Alastair Woodgate, Director of leading local chartered surveyors, Rumball Sedgwick, considers how the property market might respond to the General Election result.
The housing market thrives on confidence. In the last couple of days property experts have been saying that the surprise General Election result will introduce more short term uncertainty to the property market.
According to the Royal Institution of Chartered Surveyors, the snap general election ‘chilled’ the housing market, with the number of house sales falling in May for the second month running. Many of the survey respondents blamed the election for the slower market, with buyers and sellers waiting to see the result before proceeding.
Any period of political uncertainty tends to halt activity, so as we enter what is usually peak summer activity, are property transactions likely to stall?
Some property experts think buyers might hold off making a purchasing decision until the political landscape is clearer. But, with historically low mortgage rates around, lenders remain confident, saying that property transactions already underway are unlikely to be affected by the election results. Combine this with a lack of supply of homes for sale together with high employment rates and it is likely that in this area property values will remain propped up – a common theme in recent times.
Whilst the London market has witnessed a slowing down, could a weakened pound and perceived softer view on Brexit lead to more foreign investment in London, pushing prices back up?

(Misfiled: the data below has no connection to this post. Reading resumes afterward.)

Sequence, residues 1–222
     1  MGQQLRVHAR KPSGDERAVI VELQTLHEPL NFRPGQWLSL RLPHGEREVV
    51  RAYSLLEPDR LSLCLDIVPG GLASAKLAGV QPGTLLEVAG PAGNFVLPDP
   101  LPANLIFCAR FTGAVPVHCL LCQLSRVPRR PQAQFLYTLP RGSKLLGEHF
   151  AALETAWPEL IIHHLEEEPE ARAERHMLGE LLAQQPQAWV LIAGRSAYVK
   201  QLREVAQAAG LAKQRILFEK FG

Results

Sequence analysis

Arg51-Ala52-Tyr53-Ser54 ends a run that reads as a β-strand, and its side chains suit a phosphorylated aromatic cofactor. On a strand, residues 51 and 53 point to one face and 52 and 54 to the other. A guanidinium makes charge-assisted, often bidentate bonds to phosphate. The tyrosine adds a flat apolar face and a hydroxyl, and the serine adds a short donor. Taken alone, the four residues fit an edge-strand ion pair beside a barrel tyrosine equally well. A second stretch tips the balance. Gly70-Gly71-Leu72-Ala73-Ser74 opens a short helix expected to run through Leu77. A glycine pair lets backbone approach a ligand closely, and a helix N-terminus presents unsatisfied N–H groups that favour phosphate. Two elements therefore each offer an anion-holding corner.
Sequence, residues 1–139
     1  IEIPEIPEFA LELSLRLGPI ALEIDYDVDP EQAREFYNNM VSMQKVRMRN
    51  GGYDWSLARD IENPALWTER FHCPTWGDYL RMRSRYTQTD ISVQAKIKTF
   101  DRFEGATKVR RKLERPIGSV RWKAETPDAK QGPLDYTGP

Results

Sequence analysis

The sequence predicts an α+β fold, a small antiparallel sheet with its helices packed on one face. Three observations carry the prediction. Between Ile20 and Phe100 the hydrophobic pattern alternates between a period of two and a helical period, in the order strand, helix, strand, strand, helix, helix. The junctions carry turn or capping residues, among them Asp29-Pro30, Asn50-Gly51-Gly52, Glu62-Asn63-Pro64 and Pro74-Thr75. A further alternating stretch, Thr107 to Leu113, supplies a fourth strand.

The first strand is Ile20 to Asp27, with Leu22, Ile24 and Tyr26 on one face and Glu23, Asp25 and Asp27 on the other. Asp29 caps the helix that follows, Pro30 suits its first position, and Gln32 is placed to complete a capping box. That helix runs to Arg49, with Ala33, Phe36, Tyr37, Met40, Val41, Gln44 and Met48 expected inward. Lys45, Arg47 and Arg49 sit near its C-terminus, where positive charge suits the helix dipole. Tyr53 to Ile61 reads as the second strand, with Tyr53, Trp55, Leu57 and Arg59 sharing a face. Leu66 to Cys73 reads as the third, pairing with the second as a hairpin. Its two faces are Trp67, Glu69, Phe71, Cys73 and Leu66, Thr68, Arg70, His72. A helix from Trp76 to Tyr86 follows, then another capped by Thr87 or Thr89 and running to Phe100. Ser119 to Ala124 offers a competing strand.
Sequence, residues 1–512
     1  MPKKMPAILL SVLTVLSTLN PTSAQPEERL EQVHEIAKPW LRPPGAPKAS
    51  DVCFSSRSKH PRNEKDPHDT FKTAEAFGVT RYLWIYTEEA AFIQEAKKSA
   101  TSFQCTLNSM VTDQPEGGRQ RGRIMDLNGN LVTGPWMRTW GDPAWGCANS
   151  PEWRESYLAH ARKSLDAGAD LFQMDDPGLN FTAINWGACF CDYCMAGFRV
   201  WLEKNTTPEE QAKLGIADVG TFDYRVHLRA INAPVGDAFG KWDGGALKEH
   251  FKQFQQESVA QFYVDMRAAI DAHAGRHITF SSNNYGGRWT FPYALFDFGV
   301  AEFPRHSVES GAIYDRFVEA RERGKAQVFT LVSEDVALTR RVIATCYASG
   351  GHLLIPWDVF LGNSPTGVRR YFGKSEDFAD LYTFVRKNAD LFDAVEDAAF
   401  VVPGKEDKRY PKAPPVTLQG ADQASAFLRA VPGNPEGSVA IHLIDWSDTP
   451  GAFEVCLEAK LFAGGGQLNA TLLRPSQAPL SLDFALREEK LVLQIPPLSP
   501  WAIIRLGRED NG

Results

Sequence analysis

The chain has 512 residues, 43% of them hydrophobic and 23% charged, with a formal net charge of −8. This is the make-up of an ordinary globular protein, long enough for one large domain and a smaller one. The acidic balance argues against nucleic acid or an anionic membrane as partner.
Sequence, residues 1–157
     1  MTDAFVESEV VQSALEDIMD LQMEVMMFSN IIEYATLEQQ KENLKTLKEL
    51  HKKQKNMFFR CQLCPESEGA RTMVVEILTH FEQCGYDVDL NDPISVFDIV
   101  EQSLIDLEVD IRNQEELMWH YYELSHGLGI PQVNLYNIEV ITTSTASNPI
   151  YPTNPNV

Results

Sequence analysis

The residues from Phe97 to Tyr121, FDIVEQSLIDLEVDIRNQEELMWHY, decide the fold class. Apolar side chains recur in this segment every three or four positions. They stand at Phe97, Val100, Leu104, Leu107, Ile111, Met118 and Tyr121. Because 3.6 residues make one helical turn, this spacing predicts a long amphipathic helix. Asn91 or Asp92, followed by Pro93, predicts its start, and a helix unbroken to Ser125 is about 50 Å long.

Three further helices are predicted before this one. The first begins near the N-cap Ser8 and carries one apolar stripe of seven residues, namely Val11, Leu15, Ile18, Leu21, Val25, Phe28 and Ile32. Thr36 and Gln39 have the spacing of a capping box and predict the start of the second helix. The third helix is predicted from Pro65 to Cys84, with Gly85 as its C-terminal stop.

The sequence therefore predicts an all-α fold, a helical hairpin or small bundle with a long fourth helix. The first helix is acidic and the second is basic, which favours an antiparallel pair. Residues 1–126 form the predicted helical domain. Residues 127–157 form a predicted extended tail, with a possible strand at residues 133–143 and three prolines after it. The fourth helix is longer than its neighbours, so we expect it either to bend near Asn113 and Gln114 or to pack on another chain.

My view at the moment is that in this area it’s unlikely that the political uncertainty following the general election result will have any major impact on prices in the near future. Motivated buyers and sellers will still make their move.
In the run up to the election all political parties referred to the struggle faced by first-time buyers and young families moving up the housing ladder. There was a lot of talk, in election manifestos, about housing measures to increase housing delivery: potential political weakness in the short term could slow progress in this area. Will a hung parliament mean they can’t deliver, causing more issues for those struggling to get on the property ladder? A clear strategy is essential to tackle housing shortfalls.
First-time buyers will still hunt for homes. The young had a louder voice in this election than in many previous elections so politicians should not lose sight of their needs. More help for first time buyers must remain a priority however fragile the government may be.
For property advice contact Alastair on 01727 519140 or at firstname.lastname@example.org